Jannah Theme License is not validated, Go to the theme options page to validate the license, You need a single license for each domain name.

Ukraine: Kherson faces flooding after Kakhovka dam explosion – Ukraine-Russia War

Occupied, bombed and now flooded: the tragedy of Kherson, the regional capital of southern Ukraine, is played out in three acts. Since the hydroelectric dam of Kakhovka, about sixty kilometers upstream, gave way very early on Monday morning, the Dnieper jumped from its bed to spread on both coasts.

The eastern bank is still in the hands of the Russian army, which managed the dam, while the western bank, where Kherson is located, is under the control of kyiv. The two capitals accuse each other of having caused this natural disaster of human origin.

Below the center of Kherson, in Chaikovskoho Street, once 300 meters from the river, geopolitical contests seem far away and the facts established. Svetlana, a fifty-year-old resident, knows to whom she owes all her misfortunes: “They came, invaded us and they continue to lie. Mobile phone, pack of cigarettes and wallet in hand, she encourages her husband, Serhii, who is struggling to save their cat, a refugee on the roof of their house. Water up to the chest, the man of good will must give up: the current is too strong. Tuesday, late afternoon, the water was still rising.

The war is on the way

The muddy Dnieper covered the gardens and climbed the floors of the houses left to fend for themselves. At number 46 Chaikovskoho Street, residents forgot two small, colorful towels on the clothesline that the flood now threatens to eat away. Some houses still have the windows boarded up against explosions. Because the war lurks here. A few detonations are responsible for reminding him. The nearest Russian positions were a handful of kilometers before the Dnieper flood pushed them back, probably a few kilometers.

In an alley, a dozen burly men are busy helping their fellow citizens with their three tired inflatable boats (but only two engines, one of which is too weak to go against the current). As in the early days of the war, the volunteers assisted as much as they could the authorities faced with a Herculean challenge. About 17,000 people are in the critical areas. On Tuesday, 1,752 residents had been evacuated.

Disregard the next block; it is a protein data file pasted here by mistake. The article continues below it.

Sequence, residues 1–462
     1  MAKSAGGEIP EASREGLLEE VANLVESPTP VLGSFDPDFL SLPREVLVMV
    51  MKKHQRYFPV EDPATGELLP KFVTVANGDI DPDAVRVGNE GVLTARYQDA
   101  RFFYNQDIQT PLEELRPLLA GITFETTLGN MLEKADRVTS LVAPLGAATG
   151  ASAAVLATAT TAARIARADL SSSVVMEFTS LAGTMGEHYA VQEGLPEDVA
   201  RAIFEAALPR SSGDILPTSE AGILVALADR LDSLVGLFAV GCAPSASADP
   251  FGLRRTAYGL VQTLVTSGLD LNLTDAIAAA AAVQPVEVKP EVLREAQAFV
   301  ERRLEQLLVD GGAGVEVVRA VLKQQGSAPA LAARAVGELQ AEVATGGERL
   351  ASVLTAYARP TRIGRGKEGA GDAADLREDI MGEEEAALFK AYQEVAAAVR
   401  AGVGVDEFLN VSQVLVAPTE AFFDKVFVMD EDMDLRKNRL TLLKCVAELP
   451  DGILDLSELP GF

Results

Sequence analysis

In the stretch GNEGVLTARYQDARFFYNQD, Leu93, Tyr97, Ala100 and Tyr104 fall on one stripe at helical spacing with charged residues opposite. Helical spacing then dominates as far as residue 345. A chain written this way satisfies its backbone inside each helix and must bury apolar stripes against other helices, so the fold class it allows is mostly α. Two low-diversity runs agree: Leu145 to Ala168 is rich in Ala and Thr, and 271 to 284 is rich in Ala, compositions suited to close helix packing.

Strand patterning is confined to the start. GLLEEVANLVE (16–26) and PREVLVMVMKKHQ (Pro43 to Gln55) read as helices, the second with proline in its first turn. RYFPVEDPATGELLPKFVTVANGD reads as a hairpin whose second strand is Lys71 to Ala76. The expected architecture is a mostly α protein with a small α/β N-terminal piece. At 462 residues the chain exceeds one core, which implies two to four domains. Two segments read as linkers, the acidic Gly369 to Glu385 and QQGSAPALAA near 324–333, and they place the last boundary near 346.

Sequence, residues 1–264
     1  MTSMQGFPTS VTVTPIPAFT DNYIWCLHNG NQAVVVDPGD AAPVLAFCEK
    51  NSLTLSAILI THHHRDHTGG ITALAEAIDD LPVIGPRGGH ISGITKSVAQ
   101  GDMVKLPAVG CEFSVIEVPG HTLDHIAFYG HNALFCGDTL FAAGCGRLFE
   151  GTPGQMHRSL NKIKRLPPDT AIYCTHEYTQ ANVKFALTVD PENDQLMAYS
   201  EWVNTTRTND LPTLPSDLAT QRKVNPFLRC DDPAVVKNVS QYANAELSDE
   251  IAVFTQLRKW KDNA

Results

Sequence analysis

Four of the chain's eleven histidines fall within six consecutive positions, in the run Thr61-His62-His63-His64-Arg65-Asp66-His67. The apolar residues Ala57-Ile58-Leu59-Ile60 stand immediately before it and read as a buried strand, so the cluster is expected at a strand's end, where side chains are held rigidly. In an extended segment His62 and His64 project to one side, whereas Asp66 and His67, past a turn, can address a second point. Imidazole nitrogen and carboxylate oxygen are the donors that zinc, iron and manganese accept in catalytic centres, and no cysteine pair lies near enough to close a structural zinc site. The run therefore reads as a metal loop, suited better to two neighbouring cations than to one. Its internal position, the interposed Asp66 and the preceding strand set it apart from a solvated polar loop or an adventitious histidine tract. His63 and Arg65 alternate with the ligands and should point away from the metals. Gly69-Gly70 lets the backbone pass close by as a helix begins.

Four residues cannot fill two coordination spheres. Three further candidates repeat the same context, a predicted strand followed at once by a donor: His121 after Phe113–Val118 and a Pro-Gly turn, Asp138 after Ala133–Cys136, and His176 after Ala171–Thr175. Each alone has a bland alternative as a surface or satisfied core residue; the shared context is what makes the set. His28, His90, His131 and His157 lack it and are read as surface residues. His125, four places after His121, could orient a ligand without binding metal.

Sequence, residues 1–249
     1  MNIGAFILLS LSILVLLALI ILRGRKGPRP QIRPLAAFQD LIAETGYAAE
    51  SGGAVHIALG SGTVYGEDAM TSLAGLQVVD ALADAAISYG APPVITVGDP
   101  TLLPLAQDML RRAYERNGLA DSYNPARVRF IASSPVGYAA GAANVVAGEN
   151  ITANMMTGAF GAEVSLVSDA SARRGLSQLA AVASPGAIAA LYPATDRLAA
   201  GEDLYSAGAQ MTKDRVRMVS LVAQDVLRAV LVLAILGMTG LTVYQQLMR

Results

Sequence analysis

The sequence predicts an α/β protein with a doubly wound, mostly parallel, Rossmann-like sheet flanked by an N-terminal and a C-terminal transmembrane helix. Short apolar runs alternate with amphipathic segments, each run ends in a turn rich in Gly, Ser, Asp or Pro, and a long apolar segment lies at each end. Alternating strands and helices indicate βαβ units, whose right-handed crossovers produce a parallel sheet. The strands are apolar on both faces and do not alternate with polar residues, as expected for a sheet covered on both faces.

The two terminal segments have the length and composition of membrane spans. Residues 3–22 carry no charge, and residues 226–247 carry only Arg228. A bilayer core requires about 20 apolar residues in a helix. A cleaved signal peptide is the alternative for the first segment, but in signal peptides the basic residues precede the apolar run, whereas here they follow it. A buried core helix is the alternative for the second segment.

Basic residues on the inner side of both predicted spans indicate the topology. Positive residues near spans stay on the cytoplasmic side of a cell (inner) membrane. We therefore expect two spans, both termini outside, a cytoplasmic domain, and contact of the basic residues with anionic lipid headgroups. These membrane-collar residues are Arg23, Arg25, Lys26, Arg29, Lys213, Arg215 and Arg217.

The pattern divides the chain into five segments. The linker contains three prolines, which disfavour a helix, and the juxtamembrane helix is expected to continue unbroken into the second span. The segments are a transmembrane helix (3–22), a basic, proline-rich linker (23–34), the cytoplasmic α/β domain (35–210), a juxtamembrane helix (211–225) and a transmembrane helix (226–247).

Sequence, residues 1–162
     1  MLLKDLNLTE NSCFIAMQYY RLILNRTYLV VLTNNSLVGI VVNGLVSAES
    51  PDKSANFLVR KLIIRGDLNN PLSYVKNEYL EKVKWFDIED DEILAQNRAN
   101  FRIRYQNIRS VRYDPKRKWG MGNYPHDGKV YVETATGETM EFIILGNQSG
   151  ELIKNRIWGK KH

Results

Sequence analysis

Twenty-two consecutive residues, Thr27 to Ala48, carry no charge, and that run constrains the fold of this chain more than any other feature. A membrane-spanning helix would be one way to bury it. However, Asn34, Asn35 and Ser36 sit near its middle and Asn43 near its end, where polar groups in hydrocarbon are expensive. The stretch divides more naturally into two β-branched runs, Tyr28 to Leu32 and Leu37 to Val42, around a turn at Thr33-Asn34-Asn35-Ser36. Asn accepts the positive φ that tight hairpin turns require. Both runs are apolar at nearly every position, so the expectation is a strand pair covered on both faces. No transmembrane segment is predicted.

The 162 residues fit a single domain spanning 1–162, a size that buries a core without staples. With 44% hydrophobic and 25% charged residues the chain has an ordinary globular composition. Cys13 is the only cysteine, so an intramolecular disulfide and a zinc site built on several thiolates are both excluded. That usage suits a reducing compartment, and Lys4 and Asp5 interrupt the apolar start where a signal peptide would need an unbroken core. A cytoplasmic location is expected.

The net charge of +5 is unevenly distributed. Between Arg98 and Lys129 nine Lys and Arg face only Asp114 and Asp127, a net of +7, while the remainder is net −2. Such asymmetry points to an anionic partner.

Valera and his comrades have saved 25 people since Tuesday. The bad sunburn in the neck of the fifties testifies to his intense activity on the water. Tuesday afternoon is all about rescuing pets left behind. Dogs, cats, chickens. A bit everywhere, in the flooded district, silhouettes of volunteers emerge on the roofs and on precarious boats. Two men have a physical fight with a recalcitrant German shepherd who nearly overturns them, while others are trying to capture a small screaming dog.

Tuesday afternoon is all about rescuing pets left behind. Dogs, cats, chickens. (Photo Aleksey Filippov/AFP)

Far from the shore, in the center of Kherson, Irina watches over the displaced in a school transformed into a humanitarian aid centre. They are only a handful to sleep on the spot. Most were sent by train to the rear. Smiling, enthusiastic, impassive to the detonations, the very young 47-year-old grandmother does not hide her immense anger in the face of this new tragedy: “I am afraid of this word but I feel nothing but hatred. Generations and generations after me will feel it too.”

letelegramme Fr Trans

Not all news on the site expresses the point of view of the site, but we transmit this news automatically and translate it through programmatic technology on the site and not from a human editor.

Back to top button